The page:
What do you think will happen in response to these recent events? How do you think the U.S. should respond to this and to future attacks on U.S. consulates? How far can the U.S. push the limit regarding the security of its ambassadors in foreign countries and in investigating attacks in these nations without violating international law? This attack has brought several foreign policy issues to the forefront, and GOP candidate Romney wasted no time in taking his stance. To what extent can this tragic attack affect the upcoming election?
In response to these recent events there will no longer be any reliance on units other than U.S. Marines as the main protective force for consulates and embassies. Marines are the normal protective force for U.S. embassies and, as stated above, a U.S. ambassador has not been killed in the line of duty for over 30 years. Marines were not assigned to this post.
A U.S. embassy is sovereign U.S. territory. An attack on an embassy can be viewed the same as an attack on any town in the United States. This would be a terrible way to view this attack though because we know that our embassies are a bright target and in many countries are surrounded by people that already dislike us. This was not an attack by the government and so a declaration of war would be uncalled for.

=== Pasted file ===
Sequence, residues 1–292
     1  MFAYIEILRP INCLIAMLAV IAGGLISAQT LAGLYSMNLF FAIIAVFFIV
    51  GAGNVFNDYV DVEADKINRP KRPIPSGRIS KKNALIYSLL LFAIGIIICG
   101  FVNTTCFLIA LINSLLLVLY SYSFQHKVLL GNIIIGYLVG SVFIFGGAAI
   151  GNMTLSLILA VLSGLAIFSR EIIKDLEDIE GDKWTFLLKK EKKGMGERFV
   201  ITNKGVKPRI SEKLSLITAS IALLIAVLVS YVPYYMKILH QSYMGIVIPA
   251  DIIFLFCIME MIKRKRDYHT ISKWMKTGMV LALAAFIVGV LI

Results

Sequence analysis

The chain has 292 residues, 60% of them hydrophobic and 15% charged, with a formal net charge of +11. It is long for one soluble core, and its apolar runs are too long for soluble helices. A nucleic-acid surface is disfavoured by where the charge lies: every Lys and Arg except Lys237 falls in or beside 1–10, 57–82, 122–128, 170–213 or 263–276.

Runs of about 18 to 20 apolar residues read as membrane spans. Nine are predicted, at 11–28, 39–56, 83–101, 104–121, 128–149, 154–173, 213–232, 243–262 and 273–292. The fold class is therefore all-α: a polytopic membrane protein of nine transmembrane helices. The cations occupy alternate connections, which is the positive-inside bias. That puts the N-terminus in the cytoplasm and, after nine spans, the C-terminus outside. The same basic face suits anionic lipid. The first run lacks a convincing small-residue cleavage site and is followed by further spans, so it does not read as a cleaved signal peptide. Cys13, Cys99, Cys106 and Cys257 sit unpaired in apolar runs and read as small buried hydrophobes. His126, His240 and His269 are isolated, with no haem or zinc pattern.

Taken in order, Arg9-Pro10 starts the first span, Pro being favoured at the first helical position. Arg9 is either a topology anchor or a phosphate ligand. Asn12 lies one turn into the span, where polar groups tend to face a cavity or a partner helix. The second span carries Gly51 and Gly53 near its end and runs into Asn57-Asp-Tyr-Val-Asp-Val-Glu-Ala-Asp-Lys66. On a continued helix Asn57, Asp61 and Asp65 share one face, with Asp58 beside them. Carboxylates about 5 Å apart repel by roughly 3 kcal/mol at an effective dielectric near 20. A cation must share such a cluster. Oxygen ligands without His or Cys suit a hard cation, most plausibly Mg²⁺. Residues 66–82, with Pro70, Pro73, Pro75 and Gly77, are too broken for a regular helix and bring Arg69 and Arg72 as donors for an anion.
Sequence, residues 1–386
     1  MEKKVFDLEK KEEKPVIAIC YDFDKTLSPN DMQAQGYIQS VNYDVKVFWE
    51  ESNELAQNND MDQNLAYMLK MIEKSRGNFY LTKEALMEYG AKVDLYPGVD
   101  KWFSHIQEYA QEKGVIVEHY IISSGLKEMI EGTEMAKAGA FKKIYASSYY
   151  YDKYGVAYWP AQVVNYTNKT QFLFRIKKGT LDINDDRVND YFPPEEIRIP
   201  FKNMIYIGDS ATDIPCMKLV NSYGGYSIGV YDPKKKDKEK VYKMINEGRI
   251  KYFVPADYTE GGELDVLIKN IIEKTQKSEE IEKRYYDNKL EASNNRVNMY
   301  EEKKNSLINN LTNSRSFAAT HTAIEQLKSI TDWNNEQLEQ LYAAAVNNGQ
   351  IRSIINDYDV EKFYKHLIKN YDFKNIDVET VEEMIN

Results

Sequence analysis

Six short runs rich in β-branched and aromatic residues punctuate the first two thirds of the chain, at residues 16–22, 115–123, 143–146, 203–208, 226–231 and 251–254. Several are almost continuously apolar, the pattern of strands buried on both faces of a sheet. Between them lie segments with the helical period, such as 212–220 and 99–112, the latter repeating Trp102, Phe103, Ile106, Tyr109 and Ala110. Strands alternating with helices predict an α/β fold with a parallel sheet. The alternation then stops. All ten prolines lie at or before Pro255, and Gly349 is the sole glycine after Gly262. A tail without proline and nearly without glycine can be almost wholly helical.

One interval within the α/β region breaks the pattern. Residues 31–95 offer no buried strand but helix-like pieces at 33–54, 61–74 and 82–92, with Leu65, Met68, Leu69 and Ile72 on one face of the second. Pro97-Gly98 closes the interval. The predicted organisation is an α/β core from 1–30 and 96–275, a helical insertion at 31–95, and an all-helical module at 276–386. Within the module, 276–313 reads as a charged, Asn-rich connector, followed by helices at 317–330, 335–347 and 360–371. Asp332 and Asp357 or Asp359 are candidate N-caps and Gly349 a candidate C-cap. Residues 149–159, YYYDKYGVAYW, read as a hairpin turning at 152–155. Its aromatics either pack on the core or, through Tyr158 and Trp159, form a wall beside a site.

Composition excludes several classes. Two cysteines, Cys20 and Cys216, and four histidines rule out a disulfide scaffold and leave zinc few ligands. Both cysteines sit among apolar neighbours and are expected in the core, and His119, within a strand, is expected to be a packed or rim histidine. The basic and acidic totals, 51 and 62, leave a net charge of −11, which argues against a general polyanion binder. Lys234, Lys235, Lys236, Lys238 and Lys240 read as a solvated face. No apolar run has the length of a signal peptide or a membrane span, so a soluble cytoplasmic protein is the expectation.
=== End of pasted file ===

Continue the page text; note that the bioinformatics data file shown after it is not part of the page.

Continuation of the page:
The best thing that the U.S. can do is exactly what it is doing now. Sending Marine security teams to embassies and consulates that are in high risk areas, upgrading building security measures and being offensive in our defensive tactics by sending patrol drones to look for the enemy.
The reason this particular consulate was attacked is because the enemy saw a weakness in its security. There are other embassies in Libya but this one was the most vulnerable. A short term solution is beef up security to the point where the enemy will know that if they attack, they will most likely end up just getting killed. A long term solution is to win the hearts and minds of the people that we have embassies around so that people don’t think about attacking us in the first place.